Aplasia Cutis Congenita With Fetus Papyraceus

Acc — Aplasia Cutis Congenita
Acc — Aplasia Cutis Congenita


Aplasia Cutis Congenita with Fetus Papyraceus is a condition in which there is congenital (present from birth) absence of skin, with or without the absence of underlying structures such as bone. It most commonly affects the scalp, but any location of the body can be affected. While most people with Aplasia Cutis Congenita with Fetus Papyraceus have no other abnormalities, some people have congenital malformations involving the cardiovascular (heart), gastrointestinal, genitourinary, and central nervous systems. The cause of this condition is unclear and appears to be multifactorial (many different factors appear to play a role); contributing factors may include teratogens, genes, trauma, and compromised blood flow to the skin.


There is no one cause for all cases of Aplasia Cutis Congenita with Fetus Papyraceus with Fetus Papyraceus. The condition is thought to be multifactorial, which means that several factors likely interact to cause the condition. Factors that may contribute include genetic factors; teratogens (exposures during pregnancy that can harm a developing fetus) such as methimazole, carbimazole, misoprostol, and valproic acid; compromised vasculature to the skin; and trauma. Some cases may represent an incomplete or unusual form of a neural tube defect. Familial cases of Aplasia Cutis Congenita with Fetus Papyraceus have been reported. Cases that appear to be genetic may be inherited in an autosomal dominant or autosomal recessive manner.


The signs and symptoms of Aplasia Cutis Congenita with Fetus Papyraceus with Fetus Papyraceus vary from one individual to another. While the presence of the ACC lesions at birth is the key symptom of the condition, there may be several other congenital abnormalities.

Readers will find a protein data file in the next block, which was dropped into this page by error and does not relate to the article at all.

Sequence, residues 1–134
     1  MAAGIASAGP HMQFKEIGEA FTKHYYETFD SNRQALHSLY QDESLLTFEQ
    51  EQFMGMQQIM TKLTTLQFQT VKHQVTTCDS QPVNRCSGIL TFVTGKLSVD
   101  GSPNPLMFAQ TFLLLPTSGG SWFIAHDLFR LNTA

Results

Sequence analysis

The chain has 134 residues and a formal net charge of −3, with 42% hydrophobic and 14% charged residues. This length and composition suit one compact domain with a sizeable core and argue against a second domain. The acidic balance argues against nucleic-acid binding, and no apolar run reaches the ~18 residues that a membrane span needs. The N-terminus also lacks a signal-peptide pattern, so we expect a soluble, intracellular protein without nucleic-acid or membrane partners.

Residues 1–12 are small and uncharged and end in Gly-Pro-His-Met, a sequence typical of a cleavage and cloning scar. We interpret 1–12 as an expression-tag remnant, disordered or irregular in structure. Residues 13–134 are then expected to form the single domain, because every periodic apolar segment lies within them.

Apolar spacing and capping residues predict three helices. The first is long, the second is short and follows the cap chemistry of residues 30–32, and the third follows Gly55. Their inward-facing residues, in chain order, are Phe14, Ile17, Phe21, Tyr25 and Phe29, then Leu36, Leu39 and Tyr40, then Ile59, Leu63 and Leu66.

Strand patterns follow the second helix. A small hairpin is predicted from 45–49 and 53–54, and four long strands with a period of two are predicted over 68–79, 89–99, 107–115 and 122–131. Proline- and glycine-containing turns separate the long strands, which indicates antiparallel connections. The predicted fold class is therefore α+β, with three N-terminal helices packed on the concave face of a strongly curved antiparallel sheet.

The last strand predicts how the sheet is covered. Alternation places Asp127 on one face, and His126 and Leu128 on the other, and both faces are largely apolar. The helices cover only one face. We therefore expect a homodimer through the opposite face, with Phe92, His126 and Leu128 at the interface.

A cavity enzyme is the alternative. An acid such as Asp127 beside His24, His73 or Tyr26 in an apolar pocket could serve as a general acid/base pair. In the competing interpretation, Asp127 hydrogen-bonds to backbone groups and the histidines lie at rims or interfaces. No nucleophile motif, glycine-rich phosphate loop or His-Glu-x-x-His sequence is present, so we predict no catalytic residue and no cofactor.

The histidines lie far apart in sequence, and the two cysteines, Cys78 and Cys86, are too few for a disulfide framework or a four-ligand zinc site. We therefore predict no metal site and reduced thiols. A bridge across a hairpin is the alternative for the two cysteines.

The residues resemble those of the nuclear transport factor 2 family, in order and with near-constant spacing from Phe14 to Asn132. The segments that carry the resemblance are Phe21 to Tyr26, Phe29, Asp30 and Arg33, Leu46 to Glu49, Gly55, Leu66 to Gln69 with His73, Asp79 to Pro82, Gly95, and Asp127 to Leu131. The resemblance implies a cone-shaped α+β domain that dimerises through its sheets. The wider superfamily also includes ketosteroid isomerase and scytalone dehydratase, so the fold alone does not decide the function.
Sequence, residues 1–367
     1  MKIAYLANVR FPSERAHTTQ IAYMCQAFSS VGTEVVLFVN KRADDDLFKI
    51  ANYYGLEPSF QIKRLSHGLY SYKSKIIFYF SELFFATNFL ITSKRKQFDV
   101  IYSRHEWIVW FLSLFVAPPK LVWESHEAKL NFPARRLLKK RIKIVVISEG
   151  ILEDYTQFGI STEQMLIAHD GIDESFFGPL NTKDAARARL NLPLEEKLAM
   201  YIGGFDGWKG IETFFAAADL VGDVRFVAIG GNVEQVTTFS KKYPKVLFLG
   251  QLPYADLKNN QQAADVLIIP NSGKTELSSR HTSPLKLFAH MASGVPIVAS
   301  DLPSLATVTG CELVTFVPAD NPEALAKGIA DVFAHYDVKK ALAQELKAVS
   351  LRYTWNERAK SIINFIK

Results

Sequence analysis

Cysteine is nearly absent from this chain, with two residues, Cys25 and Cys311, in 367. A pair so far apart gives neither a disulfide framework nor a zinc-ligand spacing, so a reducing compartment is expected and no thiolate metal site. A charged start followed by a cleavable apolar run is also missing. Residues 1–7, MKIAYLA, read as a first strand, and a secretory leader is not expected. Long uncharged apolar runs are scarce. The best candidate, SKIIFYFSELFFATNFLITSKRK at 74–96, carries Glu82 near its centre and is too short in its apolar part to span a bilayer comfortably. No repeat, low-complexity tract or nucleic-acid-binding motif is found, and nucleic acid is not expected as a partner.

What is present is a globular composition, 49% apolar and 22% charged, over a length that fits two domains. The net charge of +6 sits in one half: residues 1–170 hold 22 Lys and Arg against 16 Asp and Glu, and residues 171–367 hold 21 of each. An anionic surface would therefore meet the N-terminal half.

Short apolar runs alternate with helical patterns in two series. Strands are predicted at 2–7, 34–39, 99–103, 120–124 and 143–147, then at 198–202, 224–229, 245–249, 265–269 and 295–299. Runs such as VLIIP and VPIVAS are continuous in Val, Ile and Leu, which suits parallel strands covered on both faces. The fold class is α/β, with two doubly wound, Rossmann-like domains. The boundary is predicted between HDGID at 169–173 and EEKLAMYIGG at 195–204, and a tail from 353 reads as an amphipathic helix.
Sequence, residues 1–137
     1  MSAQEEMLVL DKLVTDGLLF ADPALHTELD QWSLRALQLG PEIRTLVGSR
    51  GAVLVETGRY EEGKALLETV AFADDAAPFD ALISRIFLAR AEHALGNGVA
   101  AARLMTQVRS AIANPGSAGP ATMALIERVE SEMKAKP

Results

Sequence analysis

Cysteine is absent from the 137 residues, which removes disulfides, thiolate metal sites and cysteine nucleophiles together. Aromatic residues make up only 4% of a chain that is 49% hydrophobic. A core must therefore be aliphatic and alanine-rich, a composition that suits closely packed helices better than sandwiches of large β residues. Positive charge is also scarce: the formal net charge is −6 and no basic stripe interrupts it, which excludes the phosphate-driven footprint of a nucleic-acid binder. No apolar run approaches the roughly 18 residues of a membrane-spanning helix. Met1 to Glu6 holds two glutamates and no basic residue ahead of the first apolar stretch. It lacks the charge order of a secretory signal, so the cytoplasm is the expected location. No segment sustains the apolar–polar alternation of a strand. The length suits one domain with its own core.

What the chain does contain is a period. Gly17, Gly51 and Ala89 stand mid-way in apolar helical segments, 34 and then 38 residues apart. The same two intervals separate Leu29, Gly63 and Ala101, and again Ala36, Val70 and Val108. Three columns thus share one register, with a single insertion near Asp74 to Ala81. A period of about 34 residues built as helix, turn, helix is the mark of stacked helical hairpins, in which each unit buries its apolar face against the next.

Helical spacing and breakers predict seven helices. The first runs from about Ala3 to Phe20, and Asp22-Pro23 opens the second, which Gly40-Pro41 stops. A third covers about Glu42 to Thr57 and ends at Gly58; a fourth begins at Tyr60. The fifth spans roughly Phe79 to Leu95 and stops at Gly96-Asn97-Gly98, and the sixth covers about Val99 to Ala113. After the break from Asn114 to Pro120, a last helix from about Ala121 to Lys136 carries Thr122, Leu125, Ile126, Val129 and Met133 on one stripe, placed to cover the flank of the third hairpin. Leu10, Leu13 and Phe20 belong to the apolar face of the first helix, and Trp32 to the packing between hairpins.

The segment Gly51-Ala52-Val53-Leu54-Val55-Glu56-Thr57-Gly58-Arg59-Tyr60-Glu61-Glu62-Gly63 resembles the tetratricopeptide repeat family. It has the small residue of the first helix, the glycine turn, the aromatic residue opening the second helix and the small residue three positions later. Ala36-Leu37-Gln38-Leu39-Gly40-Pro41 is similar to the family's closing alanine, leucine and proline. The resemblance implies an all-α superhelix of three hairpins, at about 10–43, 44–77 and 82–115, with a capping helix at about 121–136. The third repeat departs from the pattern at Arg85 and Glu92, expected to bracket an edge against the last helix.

• A vast majority of individuals have a large lesion on the scalp with hair loss

• The skin lesions may be on the surface (superficial) or involving several layers of skin tissue (deep)

• Presence of extensive skin lesions on the body and limbs of the child; the presentations are often linear and symmetric

• The areas of skin involvement include the trunk, buttocks, and thighs

• Other developmental abnormalities/malformations may be noted in the surviving child


There is no standard course of treatment for ACC. Treatment usually involves the management of symptoms and seizures if they occur. Associated difficulties are much more manageable with early recognition and therapy, especially therapies focusing on left/right coordination. Early diagnosis and interventions are currently the best treatments to improve social and developmental outcomes.